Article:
American Sign Language Level 8

Curriculum Guideline

Effective Date:
Course Code
MODL 2164
American Sign Language Level 8
Modern Languages
Language, Literature & Performing Arts
Start Date
End Term
Not Specified
Semester Length
15 Weeks
Max Class Size
Course Designation
Certificate in Global Competency
Industry Designation
Contact Hours

Seminar: 4 hours per week

Method(s) Of Instruction
Learning Activities

Class activities may include lecture and language lab, demonstration/modelling, dialogue and small group conversational practice, course readings, videos, and shadowing language models, among others. 

Course Description
Continuation of emphasis on ASL narration skills, as in Level 7. This course guides intermediate-advanced ASL users to focus on developing skills in comprehending and using ASL narrative techniques, classifiers and locatives, and ASL non-manual markers with the mouth. Students will advance their skills in creating cohesive ASL discourse using appropriate discourse topic and transition markers. Students will also apply skills related to discourse mapping of ASL texts and reconstruct ASL discourse from diagrams of their own design. This course is required for students in the Sign Language Interpretation program.
Course Content

Sentence structures, vocabulary and narrative techniques: 

  • Non-manual markers made with the mouth
  • Rhetorical questions
  • Relative clauses 
  • Use of left/right space for comparisons
  • Constructed dialogue and constructed action
  • Time/tense markers and use of timelines
  • Discourse genres: instructional, argumentative, informational, expository & persuasive
  • 7 expansion/contextualization techniques

Building knowledge of ASL’s numbering systems:

  • Variations in context-specific ordinal number formats
  • Variations in context-specific cardinal number formats 
  • Money-related numbers and vocabulary

Narrating about major decisions, accidents, money management:

  • Discourse markers for sequencing, comparing, explaining
  • Related verbs and other vocabulary
  • Sharing and giving opinions

Introduction to Deaf advocacy organizations and events:

  • Local, provincial, national, international 
Learning Outcomes

Upon successful completion of this course, the student will be able to:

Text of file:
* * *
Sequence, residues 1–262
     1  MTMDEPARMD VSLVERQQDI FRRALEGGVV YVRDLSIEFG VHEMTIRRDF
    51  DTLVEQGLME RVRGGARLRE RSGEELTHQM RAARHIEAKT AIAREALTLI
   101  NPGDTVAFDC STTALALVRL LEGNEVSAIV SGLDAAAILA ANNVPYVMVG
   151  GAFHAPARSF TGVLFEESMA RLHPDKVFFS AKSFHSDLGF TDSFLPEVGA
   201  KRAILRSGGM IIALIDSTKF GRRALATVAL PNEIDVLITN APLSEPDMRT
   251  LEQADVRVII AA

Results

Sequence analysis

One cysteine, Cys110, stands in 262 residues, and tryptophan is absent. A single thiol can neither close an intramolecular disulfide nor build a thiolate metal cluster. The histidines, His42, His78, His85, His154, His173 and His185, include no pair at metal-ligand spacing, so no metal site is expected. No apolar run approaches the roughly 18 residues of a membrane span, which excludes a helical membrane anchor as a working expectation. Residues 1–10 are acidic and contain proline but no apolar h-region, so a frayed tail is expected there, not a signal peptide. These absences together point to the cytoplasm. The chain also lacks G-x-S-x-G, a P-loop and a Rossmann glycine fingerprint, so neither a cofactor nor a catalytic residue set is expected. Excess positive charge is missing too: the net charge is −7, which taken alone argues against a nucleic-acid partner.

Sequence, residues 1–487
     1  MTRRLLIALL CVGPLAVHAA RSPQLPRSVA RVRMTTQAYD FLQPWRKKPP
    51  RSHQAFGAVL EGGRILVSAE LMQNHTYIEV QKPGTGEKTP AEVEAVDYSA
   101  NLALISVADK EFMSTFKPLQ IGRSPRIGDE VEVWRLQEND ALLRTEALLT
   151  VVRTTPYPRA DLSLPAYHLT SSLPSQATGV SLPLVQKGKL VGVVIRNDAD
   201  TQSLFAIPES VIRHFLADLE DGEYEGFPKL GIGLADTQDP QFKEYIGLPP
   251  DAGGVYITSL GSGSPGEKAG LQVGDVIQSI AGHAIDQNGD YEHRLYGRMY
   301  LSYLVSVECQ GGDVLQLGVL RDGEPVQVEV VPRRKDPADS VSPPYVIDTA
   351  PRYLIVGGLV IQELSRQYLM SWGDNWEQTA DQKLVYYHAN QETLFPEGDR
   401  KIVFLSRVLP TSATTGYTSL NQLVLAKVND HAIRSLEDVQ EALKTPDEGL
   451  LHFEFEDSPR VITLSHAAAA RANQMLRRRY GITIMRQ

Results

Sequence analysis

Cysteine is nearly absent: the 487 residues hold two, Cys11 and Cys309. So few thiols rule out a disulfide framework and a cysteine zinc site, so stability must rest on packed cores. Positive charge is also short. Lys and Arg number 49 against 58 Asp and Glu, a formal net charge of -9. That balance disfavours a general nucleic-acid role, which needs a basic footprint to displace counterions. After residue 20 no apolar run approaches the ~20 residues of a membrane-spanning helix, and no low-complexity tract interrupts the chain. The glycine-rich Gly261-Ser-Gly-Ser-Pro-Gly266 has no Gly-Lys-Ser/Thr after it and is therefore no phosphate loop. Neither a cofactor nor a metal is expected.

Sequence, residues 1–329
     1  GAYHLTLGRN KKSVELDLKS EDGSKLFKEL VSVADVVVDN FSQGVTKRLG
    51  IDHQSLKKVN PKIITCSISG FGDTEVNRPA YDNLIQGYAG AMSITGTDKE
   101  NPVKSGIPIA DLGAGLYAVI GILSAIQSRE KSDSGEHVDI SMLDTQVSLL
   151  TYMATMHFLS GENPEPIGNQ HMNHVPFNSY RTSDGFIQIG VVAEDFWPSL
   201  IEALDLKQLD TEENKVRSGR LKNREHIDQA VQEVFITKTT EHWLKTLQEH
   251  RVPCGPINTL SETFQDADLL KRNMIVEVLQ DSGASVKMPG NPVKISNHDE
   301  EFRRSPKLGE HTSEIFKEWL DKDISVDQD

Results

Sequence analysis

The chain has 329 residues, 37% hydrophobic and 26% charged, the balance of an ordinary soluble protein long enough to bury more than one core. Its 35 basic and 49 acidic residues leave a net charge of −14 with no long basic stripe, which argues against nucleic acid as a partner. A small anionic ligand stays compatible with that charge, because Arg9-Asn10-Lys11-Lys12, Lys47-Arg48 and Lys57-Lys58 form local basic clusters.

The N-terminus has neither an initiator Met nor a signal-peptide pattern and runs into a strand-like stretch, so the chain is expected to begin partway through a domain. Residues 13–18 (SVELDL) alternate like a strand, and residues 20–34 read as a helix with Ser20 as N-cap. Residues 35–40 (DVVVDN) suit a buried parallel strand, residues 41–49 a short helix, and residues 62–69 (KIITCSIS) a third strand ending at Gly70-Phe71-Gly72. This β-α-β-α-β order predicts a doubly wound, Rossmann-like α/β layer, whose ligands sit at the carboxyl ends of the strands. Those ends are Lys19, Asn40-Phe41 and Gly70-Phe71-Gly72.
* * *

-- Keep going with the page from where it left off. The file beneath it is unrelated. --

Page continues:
• Demonstrate intermediate-advanced ASL narration skills to do the following:
    • Incorporate appropriate use of non-manual markers in signed utterances
    • Use appropriate register when sharing and giving opinion
    • Construct cohesive narrative discourse with appropriate discourse markers and pauses for topic transition/maintenance
    • Appropriately incorporate the narrative techniques of constructed dialogue and constructed action 
    • Use a wide variety of classifiers and locatives
    • Use appropriate number formats for particular contexts
    • Maintain appropriate temporal aspect and use time/tense markers
  • Analyze and diagram ASL texts to determine main points and supporting detail
  • Identify the 7 techniques for expansion/contextualization in ASL
  • Reconstruct ASL texts working from one’s own discourse map
  • Demonstrate versatility to produce ASL discourse in different genres
Means of Assessment

This course will conform to the Douglas College Evaluation policy regarding the number and weighting of evaluations. Typical means of evaluation may include a combination of:

  • Quizzes to evaluate factual knowledge of ASL & Deaf culture
  • Quizzes to evaluate receptive ASL skills
  • Demonstration of expressive ASL skills
  • Assigned dialogues and interaction
  • Attendance and participation

A sample grade breakdown for this course might be as follows:

Video assignment 1: 20%

Video assignment 2: 20%

Mid-term exam 1: 20%

Mid-term exam 2: 20%

Final exam: 20% 

Total: 100%

No single assignment will be worth more than 20%.

Textbook Materials

The instructor might choose an ASL textbook such as:

Smith, Cheri. (2008). Signing Naturally 3. Student Workbook. San Diego, CA: DawnSignPress.


MODL 2163 or Assessment